Authors:
; ; ; ;
Publication Date:
Research Org.:
Pacific Northwest National Lab. (PNNL), Richland, WA (United States)
Sponsoring Org.:
USDOE
OSTI Identifier:
1455254
Report Number(s):
PNNL-SA-130553
Journal ID: ISSN 1664-302X
DOE Contract Number:  
AC05-76RL01830
Resource Type:
Journal Article
Resource Relation:
Journal Name: Frontiers in Microbiology; Journal Volume: 9
Country of Publication:
United States
Language:
English
Subject:
Bacterial diversity; spent nuclear fuel; aluminum; amplicon

Citation Formats

Bagwell, Christopher E., Noble, Peter A., Milliken, Charles E., Li, Dien, and Kaplan, Daniel I. Amplicon Sequencing Reveals Microbiological Signatures in Spent Nuclear Fuel Storage Basins. United States: N. p., 2018. Web. doi:10.3389/fmicb.2018.00377.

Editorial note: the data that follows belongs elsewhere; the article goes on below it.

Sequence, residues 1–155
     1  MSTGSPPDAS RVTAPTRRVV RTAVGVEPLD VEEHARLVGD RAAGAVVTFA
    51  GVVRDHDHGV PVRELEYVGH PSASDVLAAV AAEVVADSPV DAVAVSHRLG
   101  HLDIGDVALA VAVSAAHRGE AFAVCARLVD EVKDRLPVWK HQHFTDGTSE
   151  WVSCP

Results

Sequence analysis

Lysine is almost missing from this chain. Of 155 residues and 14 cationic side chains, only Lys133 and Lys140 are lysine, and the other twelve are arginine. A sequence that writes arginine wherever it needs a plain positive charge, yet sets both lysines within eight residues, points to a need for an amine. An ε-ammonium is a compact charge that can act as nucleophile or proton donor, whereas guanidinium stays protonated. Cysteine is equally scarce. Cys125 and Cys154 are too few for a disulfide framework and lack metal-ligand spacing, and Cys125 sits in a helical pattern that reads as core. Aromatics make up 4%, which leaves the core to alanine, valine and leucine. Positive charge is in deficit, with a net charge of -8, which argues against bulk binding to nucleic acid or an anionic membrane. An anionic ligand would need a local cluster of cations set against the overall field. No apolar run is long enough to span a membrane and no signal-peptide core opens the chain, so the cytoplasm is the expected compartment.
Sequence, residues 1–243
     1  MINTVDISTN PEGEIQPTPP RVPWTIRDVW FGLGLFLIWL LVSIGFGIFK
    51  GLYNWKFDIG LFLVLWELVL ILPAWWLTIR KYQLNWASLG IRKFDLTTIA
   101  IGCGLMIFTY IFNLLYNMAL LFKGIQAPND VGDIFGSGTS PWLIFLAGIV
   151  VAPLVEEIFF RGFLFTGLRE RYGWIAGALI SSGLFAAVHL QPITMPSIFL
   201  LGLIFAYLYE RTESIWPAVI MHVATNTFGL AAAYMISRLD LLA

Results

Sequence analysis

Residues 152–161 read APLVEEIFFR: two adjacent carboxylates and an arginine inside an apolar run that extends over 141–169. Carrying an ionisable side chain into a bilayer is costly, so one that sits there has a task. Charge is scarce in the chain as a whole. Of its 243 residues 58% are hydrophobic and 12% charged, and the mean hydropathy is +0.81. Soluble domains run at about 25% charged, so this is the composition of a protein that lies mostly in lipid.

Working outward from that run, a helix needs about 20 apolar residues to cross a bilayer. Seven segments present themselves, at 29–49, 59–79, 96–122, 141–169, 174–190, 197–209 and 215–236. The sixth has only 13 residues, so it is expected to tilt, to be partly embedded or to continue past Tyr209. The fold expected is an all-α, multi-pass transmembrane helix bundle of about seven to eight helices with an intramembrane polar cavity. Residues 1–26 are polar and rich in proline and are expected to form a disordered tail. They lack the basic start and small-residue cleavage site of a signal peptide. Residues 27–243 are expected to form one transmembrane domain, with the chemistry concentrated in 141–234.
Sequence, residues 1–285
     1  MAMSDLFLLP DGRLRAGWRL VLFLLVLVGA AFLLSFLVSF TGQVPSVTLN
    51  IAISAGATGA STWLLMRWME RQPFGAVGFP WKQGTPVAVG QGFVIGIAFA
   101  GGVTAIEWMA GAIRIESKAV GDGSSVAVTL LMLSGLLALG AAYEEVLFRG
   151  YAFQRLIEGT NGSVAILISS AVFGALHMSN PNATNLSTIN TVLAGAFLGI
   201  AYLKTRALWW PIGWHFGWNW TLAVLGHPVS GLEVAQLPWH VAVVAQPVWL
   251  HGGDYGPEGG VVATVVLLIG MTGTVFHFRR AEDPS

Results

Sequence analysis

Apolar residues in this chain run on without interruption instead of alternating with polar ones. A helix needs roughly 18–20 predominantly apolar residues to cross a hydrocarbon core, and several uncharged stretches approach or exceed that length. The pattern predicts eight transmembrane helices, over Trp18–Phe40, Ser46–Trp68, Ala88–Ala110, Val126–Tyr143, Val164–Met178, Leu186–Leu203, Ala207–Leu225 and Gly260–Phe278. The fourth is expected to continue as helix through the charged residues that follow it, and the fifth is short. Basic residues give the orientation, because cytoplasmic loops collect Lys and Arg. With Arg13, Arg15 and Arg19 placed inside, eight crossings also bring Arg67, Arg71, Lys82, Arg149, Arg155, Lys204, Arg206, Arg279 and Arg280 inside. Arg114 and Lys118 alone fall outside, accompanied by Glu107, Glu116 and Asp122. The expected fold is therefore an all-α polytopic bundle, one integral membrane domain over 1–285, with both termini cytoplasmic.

Bagwell, Christopher E., Noble, Peter A., Milliken, Charles E., Li, Dien, & Kaplan, Daniel I. Amplicon Sequencing Reveals Microbiological Signatures in Spent Nuclear Fuel Storage Basins. United States. doi:10.3389/fmicb.2018.00377.
Bagwell, Christopher E., Noble, Peter A., Milliken, Charles E., Li, Dien, and Kaplan, Daniel I. Fri . "Amplicon Sequencing Reveals Microbiological Signatures in Spent Nuclear Fuel Storage Basins". United States. doi:10.3389/fmicb.2018.00377.
@article{osti_1455254,
title = {Amplicon Sequencing Reveals Microbiological Signatures in Spent Nuclear Fuel Storage Basins},
author = {Bagwell, Christopher E. and Noble, Peter A. and Milliken, Charles E. and Li, Dien and Kaplan, Daniel I.},